Boris Johnson has done a great service for politicians everywhere by testing the political waters for tax increases. He and his Chancellor of the Exchequer, Rishi Sunak, are ratcheting up Britain’s taxes to pay for care homes. And Covid of course. Pretty much everything it seems.
The new tax is not really that new: a levy on labour incomes (i.e., salaries, wages and self-employment) of 2.5 percentage points, with an increase in dividend taxes of half that. Boris – with flagrant disregard for Econ 101 – claims that business will share this burden. Sorry Boris and Rishi – labour taxes fall on labour.
Meanwhile, the Financial Times gloomily opines that the move will raise the UK’s tax burden to the highest level since 1950 – about the time when Boris’s hero, Winston Churchill, was heading for a second term as PM.
Boris has a reputation for being better on the strategic than the tactical decisions. So, will the tax increase work?
Continue reading “Boris keeps on gambling”
It’s not unusual for governments to decide the solution to their frustrations is to tweak the machinery of government. Nor for senior public servants to channel those ambitions to safety.
But things look more serious in the UK. A sequence of reports from high-powered ‘independent’ commissions and well-connected think tanks are floating proposals which bear more than a resemblance to the state sector reforms implemented in New Zealand at the end of last century.
For one of the key players, the seeds of change were planted back in 2010. Back then, Michael Gove (now the Minister for the Cabinet Office) was put in charge of education. He coined the term ‘the Blob’ to describe the coalition of resistant civil servants and external ideologists who opposed his proposals to change the school system. And helping him on the Blob job was Dominic Cummings – PM Boris Johnson’s erstwhile chief strategist.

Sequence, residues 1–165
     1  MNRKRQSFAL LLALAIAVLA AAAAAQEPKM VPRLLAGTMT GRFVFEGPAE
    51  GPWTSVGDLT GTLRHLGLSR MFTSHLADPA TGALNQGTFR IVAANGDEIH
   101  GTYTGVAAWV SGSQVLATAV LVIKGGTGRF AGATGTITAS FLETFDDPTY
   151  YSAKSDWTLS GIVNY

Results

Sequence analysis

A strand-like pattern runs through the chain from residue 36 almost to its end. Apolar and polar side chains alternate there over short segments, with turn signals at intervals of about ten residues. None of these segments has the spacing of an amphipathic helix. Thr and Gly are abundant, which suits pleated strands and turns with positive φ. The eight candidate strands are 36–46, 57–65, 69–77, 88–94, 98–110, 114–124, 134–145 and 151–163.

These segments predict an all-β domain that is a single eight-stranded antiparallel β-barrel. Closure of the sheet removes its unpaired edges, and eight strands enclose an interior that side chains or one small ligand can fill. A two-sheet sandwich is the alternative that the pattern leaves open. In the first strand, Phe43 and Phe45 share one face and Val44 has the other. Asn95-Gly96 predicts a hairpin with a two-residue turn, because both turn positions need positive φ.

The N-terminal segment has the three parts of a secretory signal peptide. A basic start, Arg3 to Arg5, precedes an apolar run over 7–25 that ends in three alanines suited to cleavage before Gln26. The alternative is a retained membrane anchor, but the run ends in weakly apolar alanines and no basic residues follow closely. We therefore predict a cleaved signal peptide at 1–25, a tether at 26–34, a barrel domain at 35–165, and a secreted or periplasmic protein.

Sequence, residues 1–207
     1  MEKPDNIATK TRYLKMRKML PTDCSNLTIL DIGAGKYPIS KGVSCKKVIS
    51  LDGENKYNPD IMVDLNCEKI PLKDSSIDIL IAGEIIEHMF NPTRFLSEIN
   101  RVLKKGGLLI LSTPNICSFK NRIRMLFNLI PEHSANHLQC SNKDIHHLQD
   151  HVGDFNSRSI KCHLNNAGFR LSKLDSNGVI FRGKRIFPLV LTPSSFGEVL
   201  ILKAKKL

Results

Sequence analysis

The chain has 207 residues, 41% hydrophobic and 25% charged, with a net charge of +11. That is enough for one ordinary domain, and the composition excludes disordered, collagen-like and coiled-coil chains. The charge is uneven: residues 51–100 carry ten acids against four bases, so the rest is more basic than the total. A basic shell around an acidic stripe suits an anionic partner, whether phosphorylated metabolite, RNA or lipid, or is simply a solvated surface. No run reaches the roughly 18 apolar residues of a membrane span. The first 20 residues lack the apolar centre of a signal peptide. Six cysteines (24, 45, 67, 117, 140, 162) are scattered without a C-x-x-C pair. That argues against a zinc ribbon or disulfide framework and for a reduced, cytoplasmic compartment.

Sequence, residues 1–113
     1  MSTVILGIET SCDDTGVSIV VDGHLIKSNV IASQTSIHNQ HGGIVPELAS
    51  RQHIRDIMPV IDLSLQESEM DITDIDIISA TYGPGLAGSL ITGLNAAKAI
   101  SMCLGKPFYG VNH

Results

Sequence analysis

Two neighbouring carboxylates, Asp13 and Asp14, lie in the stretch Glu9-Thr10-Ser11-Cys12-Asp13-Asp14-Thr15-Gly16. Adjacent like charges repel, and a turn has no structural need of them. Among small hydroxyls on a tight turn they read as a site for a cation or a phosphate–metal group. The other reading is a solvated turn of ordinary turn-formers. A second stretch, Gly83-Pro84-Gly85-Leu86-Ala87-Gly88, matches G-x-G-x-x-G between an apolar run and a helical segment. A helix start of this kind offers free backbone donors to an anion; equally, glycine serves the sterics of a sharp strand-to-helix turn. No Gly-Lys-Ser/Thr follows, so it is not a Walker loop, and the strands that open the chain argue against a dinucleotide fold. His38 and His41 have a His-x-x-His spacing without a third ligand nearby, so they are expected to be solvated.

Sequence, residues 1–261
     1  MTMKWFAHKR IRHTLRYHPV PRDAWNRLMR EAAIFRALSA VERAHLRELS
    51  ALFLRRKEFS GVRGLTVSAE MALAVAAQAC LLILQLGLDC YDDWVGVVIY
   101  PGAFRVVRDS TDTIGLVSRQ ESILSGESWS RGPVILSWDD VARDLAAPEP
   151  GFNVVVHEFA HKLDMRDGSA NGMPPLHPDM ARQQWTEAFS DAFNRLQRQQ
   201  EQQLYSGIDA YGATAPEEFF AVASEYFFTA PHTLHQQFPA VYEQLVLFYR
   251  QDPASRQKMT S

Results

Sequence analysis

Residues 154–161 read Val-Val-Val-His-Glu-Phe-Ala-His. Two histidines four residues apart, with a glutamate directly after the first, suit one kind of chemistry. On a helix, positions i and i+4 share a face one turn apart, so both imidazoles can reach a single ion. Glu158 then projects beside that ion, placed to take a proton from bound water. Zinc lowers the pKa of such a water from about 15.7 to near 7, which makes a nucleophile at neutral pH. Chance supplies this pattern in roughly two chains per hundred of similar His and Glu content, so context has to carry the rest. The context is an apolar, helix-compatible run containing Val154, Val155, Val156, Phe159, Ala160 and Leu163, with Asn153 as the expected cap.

Continue reading “NZ public service reform for the UK?”
Hosannas for one of the latest handouts from the so-called Provincial Growth Fund – a $94.8m “investment” to bring up to operational standard a 54km section of the Northland rail line – were muted, not surprisingly.
NZ’s state-owned KiwiRail, which racked up a $235m loss in the 2018 year, and a $197m loss the year before that, looks as if it will be saddled with yet more loss-making services – but Deputy PM Winston Peters justifies the investment on the grounds the rail line to Whangarei would otherwise become “unsafe” and have to close within 5 years.
Continue reading “Good for Northlanders – but how about the rest of taxpayers?”
Is the Prime Minister Jacinda Ardern at risk of losing the halo she has worn so gracefully for so long?
No way, say her legions of supporters.
Just look at the reaction when Sydney radio veteran Alan Jones called on Australian PM Scott Morrison to “shove a sock down her throat”.
Continue reading “Is PM Ardern’s halo beginning to slip?”
Ethnic Communities Minister Jenny Salesa earlier this month announced the Cabinet decision to have ethnicity data collected for candidates appointed to State sector boards and committees.